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Charles Self III, senior vice president of LaSalle Street Capital Management Ltd. (312-220-7598), says inflation-indexed bonds are worth a look if you’re in the market for steady returns on a fixed-income investment. Although the interest rate on the first 10-year notes to be auctioned in January was expected to be 3%-3.5%, the bonds make up for the lack of yield by slating their principal value to increase with the consumer price index. With an inflation-indexed bond investment of $1,000, a 2% consumer price-index increase would boost the maturity value of your holding to $1,020.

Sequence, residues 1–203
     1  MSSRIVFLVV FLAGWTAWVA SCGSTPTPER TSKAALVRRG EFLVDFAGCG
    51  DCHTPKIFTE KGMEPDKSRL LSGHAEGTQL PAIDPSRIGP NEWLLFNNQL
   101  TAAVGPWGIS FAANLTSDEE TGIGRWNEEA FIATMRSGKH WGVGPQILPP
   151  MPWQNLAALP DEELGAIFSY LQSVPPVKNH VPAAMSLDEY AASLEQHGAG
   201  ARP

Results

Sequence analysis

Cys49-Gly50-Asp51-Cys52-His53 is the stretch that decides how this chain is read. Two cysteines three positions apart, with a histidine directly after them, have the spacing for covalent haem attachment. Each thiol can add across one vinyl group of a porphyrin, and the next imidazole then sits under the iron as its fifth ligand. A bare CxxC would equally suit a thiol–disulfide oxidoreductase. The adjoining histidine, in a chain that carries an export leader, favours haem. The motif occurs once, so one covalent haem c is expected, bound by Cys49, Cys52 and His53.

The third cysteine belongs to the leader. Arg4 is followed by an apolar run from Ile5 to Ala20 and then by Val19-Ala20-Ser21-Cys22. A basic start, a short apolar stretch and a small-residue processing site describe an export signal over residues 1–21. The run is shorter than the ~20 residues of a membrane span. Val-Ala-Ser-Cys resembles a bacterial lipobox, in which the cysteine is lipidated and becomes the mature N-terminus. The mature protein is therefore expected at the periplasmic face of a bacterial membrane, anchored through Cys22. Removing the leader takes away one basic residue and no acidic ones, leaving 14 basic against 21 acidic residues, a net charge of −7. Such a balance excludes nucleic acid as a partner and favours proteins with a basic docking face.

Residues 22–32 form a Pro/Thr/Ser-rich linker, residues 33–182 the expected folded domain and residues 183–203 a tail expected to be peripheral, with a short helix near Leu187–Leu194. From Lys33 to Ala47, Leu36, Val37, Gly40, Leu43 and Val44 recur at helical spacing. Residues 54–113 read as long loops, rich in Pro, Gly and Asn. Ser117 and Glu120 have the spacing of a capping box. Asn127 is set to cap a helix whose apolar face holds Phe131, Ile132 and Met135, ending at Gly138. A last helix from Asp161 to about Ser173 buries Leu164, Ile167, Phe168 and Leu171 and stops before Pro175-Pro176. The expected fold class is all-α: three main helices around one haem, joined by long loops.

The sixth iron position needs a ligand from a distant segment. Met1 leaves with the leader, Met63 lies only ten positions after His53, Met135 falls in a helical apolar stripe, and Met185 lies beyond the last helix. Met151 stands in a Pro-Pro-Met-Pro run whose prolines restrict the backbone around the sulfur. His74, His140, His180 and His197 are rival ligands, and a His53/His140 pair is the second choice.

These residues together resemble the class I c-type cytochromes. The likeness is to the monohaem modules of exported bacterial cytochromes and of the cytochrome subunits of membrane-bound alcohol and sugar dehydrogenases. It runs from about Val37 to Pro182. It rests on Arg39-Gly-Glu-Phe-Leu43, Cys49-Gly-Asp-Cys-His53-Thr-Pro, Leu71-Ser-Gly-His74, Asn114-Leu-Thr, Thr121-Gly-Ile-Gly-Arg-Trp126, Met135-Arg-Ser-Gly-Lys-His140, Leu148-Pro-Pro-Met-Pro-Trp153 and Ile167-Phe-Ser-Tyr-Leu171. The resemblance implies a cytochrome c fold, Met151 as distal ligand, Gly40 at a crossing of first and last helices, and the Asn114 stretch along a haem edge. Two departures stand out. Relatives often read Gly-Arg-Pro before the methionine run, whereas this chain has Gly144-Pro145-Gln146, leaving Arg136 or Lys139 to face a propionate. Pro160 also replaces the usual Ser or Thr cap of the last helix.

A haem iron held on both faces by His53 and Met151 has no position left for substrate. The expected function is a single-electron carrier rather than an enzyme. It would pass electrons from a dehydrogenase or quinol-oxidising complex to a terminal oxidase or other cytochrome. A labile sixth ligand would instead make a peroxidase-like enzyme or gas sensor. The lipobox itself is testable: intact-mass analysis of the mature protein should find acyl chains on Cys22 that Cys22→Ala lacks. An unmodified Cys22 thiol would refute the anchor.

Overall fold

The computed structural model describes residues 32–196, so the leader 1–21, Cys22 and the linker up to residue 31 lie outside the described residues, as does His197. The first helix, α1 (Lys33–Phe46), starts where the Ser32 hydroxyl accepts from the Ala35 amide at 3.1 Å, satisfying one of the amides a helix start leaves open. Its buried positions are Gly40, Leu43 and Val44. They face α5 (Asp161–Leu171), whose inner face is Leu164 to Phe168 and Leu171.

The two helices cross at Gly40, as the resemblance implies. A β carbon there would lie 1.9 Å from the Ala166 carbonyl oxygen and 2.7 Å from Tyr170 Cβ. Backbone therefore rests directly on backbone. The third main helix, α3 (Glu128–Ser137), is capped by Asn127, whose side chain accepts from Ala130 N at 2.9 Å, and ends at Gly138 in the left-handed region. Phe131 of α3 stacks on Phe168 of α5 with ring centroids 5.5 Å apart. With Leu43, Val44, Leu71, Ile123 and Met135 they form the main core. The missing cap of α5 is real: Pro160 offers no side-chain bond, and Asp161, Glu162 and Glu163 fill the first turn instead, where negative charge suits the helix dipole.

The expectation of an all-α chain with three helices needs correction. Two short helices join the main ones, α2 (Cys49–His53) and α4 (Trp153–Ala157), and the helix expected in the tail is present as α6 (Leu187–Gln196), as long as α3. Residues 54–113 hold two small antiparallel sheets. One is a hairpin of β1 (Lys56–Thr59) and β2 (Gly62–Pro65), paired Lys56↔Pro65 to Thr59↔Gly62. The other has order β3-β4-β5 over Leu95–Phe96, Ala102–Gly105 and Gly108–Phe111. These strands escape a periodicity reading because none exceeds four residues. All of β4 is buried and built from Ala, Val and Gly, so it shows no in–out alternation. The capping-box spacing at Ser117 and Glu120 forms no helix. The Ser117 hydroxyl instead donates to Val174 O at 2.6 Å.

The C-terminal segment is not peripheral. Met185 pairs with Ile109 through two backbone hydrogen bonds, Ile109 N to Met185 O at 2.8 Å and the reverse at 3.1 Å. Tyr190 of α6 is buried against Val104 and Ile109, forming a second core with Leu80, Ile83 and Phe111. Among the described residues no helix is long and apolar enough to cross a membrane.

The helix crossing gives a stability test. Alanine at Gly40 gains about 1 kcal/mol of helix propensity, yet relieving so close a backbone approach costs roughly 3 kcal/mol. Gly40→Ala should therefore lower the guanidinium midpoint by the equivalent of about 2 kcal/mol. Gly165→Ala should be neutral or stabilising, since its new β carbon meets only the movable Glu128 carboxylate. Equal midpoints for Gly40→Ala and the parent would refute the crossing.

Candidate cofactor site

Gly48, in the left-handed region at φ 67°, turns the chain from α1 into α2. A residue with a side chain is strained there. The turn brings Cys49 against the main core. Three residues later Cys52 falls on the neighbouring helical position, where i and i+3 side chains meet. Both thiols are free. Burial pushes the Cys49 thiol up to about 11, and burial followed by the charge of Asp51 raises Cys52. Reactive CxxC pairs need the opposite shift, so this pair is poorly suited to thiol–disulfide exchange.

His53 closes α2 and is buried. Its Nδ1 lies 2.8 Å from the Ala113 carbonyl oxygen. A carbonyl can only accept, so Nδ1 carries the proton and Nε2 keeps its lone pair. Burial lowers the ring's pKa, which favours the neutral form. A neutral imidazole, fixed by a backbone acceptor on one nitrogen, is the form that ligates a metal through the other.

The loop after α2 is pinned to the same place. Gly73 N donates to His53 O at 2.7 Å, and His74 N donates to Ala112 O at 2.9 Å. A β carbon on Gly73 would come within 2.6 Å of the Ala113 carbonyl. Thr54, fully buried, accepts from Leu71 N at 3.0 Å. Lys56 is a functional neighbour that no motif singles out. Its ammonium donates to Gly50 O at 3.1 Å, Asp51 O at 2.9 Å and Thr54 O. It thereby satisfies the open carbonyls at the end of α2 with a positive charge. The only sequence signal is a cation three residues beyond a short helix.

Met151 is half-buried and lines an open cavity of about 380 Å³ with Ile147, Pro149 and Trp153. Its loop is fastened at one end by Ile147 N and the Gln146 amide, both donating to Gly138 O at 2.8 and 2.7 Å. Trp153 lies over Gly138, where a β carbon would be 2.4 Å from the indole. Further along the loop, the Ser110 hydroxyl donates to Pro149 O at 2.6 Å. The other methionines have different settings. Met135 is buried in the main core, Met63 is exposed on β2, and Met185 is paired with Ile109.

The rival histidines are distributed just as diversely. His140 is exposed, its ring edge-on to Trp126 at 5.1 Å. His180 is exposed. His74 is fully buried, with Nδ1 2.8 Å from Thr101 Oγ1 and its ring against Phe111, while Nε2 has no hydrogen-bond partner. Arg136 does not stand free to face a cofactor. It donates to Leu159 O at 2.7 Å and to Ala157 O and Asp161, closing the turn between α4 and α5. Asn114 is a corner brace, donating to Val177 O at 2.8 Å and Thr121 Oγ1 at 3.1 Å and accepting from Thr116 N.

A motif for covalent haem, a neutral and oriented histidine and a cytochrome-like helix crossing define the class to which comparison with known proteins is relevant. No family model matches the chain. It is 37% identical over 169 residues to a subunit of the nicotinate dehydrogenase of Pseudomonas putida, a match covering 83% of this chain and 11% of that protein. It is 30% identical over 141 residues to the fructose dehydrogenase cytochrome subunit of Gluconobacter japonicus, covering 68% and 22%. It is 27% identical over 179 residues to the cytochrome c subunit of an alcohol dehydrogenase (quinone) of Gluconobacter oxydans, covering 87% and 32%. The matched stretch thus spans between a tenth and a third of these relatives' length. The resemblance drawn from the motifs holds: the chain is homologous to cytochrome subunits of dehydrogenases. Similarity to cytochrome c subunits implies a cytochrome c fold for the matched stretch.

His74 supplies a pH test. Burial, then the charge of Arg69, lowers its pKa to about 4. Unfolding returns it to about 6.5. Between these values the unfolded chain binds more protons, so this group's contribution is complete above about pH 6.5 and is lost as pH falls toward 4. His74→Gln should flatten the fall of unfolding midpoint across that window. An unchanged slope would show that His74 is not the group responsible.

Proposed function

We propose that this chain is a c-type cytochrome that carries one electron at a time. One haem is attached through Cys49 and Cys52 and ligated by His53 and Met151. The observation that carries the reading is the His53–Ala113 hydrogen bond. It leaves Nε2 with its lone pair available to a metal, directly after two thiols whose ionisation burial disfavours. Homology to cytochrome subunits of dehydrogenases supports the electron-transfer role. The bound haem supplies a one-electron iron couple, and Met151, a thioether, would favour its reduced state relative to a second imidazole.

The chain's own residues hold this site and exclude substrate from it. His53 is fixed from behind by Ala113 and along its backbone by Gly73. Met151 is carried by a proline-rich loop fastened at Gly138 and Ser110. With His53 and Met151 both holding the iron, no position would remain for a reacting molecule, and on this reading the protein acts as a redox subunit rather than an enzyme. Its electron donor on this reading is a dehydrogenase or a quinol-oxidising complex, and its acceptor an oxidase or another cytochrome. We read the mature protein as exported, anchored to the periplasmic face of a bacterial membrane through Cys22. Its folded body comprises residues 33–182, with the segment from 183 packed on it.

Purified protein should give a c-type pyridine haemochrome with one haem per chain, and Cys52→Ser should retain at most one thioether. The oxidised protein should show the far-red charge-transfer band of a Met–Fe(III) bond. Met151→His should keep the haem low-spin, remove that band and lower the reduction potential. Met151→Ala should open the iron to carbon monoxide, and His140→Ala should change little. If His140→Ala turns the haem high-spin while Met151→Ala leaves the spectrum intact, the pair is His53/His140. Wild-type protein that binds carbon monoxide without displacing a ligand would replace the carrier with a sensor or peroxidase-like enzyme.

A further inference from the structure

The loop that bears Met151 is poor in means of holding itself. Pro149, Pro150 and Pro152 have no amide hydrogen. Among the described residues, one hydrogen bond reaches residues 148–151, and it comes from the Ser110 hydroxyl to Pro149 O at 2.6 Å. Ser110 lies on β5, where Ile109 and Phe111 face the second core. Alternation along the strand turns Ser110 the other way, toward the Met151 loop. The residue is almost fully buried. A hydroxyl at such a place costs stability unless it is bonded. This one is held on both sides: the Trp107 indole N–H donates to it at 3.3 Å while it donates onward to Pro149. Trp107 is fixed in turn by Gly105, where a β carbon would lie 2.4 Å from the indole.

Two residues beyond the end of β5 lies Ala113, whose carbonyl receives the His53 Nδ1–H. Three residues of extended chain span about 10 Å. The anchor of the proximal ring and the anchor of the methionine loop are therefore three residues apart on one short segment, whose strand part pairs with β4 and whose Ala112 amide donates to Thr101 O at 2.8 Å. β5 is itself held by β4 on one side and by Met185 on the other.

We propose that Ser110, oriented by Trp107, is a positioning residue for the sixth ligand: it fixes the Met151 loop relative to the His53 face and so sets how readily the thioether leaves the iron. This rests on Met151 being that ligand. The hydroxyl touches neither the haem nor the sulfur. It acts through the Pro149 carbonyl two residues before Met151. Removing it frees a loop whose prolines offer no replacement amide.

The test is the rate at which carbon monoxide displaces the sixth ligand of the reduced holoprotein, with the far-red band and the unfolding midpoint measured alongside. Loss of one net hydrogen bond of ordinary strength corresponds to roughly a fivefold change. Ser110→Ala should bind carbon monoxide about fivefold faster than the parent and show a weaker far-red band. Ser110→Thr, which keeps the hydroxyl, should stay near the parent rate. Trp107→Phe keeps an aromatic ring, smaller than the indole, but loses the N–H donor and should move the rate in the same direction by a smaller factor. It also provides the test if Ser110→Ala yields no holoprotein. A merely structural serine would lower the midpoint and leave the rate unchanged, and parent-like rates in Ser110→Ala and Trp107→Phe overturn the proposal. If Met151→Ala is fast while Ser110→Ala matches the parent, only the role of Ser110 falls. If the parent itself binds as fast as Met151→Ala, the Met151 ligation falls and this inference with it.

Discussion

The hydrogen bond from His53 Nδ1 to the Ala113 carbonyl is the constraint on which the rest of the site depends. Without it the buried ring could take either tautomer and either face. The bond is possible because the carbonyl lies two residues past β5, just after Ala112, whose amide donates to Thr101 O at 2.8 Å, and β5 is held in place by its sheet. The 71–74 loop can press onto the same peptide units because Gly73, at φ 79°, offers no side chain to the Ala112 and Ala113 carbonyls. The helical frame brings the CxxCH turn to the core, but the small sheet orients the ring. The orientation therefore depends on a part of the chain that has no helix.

Self-recommends these bonds for investors with a long time horizon–say, 10 years or so to retirement–and no pressure to significantly beat inflation that might go along with investing for college tuition. “Since the bonds will have a higher inflation-adjusted return than regular bonds or money market funds have earned historically,” he notes, “they may be used as a substitute for stocks when the equity market looks expensive.”